Boat Flag Protocol for Fishermen

Learn how to fly fishing flags for boats the right way.


May 2, 2019
flags on fishing boats


There are various types of flags, and some have different spots to be displayed on the boat. Scott Kerrigan /

I’ve been a part of some conversations of late about flying flags on boats, not only fishing flags but also the correct application of national, courtesy and house flags. Over the years, I’ve seen all kinds of displays, some that follow a bit of historical, naval and yachting guidelines and some that have no semblance of order or protocol.

Early mariners used boating flags to signal other vessels regarding various tasks they may have been performing, as well as declare their homeland with an ensign, or national flag. Naval vessels use flags to convey messages, and commercial vessels fly their colors to display their country of registration.

In order to fly flags correctly, we need to understand the various types of boating and fishing flags, and where they should be displayed on the boat. There are national flags, signal flags, burgees and pennants. For our purposes, we’ll focus on sport fishing boats, which, over the years, have adapted the naval and yachting protocol of signal flags, such as the fish flags commonly found flying from outriggers in many areas.


Your national flag, or ensign, should be selected according to where the boat is registered. If you are a U.S. documented or registered vessel, fly the American flag; if you are foreign flagged, you would use the flag of your home country, and so on. Ensigns historically flew on the fantail of ships and yachts. Since a fantail flag would get in the way of fishing operations, we fly the national flag on the center of the boat up high from a tower, typically from the flagstaff that hangs down from the aft end of the tower floor or one that stands up on the top of the aft end of the hardtop.

Burgees are typically flags that signal your affiliation with either a yacht or fishing club. Club burgees are to be flown from the forward masthead, typically from the bow rail. However, many folks today think it’s cool to not have a bow rail, which is incredibly foolish for many reasons — but that’s another column. If you are one of those misled souls without a bow rail, your club burgee could be flown from the portside flagstaff under the house flag.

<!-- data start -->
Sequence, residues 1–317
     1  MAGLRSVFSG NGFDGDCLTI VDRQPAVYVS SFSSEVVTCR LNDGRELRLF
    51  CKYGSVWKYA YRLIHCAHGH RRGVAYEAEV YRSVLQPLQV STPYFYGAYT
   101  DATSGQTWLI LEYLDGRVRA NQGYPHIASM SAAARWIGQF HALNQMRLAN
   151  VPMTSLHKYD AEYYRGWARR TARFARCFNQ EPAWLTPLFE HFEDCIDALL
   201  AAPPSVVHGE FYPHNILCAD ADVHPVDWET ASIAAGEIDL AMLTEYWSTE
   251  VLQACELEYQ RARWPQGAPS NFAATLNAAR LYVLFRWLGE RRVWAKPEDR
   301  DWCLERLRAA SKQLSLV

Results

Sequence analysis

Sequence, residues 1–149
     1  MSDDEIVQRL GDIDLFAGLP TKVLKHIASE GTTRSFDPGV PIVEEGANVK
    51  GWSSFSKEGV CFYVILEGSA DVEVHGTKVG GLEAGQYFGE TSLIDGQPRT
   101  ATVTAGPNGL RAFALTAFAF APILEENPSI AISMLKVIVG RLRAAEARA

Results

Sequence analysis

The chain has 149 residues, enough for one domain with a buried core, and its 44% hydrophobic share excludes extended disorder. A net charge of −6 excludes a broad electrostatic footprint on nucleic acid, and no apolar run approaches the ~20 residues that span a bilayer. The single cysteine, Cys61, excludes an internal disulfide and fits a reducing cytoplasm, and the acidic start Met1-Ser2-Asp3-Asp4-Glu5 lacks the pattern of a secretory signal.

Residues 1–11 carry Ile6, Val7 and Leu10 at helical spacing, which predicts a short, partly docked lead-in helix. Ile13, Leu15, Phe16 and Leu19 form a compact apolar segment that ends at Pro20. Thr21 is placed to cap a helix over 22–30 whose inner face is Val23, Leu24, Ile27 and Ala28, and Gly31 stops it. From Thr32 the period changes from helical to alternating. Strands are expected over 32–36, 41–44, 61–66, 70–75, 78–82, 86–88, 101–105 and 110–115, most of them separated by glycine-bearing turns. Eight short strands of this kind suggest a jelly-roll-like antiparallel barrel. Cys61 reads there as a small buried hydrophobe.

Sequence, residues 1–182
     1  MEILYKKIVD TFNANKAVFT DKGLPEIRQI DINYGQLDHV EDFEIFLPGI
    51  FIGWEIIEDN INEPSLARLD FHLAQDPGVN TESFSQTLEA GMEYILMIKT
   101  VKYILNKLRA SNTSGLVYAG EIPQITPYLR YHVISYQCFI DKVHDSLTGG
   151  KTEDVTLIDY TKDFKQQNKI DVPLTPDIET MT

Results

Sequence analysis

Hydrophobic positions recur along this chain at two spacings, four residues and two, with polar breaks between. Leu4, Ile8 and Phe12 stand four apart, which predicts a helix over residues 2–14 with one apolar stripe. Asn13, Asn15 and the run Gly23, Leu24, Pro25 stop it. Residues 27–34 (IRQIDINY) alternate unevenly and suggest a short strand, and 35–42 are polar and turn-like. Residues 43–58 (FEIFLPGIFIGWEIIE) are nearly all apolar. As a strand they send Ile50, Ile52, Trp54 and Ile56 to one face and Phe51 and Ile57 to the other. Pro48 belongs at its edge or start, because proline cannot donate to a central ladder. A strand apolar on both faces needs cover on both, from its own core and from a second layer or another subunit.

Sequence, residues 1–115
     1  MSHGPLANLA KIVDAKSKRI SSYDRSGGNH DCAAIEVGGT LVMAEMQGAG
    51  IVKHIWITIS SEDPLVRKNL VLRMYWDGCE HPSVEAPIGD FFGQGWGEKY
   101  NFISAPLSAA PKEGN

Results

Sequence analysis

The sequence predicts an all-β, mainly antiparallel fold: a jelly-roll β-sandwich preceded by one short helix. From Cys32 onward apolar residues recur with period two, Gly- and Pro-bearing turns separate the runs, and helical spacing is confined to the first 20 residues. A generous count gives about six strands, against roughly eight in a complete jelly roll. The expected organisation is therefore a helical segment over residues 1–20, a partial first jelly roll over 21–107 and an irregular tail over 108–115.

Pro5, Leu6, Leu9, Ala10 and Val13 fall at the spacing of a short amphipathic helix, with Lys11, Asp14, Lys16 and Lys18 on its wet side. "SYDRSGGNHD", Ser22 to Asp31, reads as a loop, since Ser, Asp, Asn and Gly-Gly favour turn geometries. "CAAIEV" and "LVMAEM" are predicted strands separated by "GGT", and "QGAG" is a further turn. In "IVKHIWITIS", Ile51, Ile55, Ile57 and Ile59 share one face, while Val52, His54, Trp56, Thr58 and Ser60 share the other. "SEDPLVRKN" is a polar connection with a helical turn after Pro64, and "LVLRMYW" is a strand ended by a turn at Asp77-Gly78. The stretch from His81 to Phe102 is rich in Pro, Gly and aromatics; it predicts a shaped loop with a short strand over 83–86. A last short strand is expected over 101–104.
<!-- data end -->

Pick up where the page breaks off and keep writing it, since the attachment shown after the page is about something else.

A house flag, or private signal, is an owner’s specifically designed flag that signifies the owner is on board and also typically flies from the port flagstaff, a throwback to the ship owner’s colors being flown from the port yardarm as ships passed port to port and signaled the company that owned the ship or that the owner was aboard.


A quarantine flag is used to declare your entrance into a foreign country and that you require customs and immigration officers to clear you into the country. The quarantine flag is a signal flag and should be flown from the port side, as protocol from naval and yachting history defines. Once cleared in and all customs and immigration paperwork is completed, the Q flag comes down, and the national courtesy flag of the visited country is deployed, signaling to authorities that you are compliant with clearing in and are approved to move about the country’s waters. Our travels through Europe and the Caribbean have all been similar in nature when dealing with customs and immigrations; some require more paperwork and fees than others, but they all require that the Q flag and the courtesy flag be flown.

Courtesy flags should always be flown in the historical place of honor: on the starboard-side yardarm or, in our case, a flagstaff on the starboard-side, either from the tower or, as typically seen on a hardtop boat, the starboard forward antenna. The courtesy flag should be flown higher than your national flag and should not be tattered or worn, as that is considered disrespectful. Once back in your home waters, it is unnecessary to maintain a courtesy flag of another country on your vessel. I can’t tell you how many boats return from the Bahamas in the spring and still fly the Bahamian courtesy flag in August up the East Coast.

Fish Flags on Boats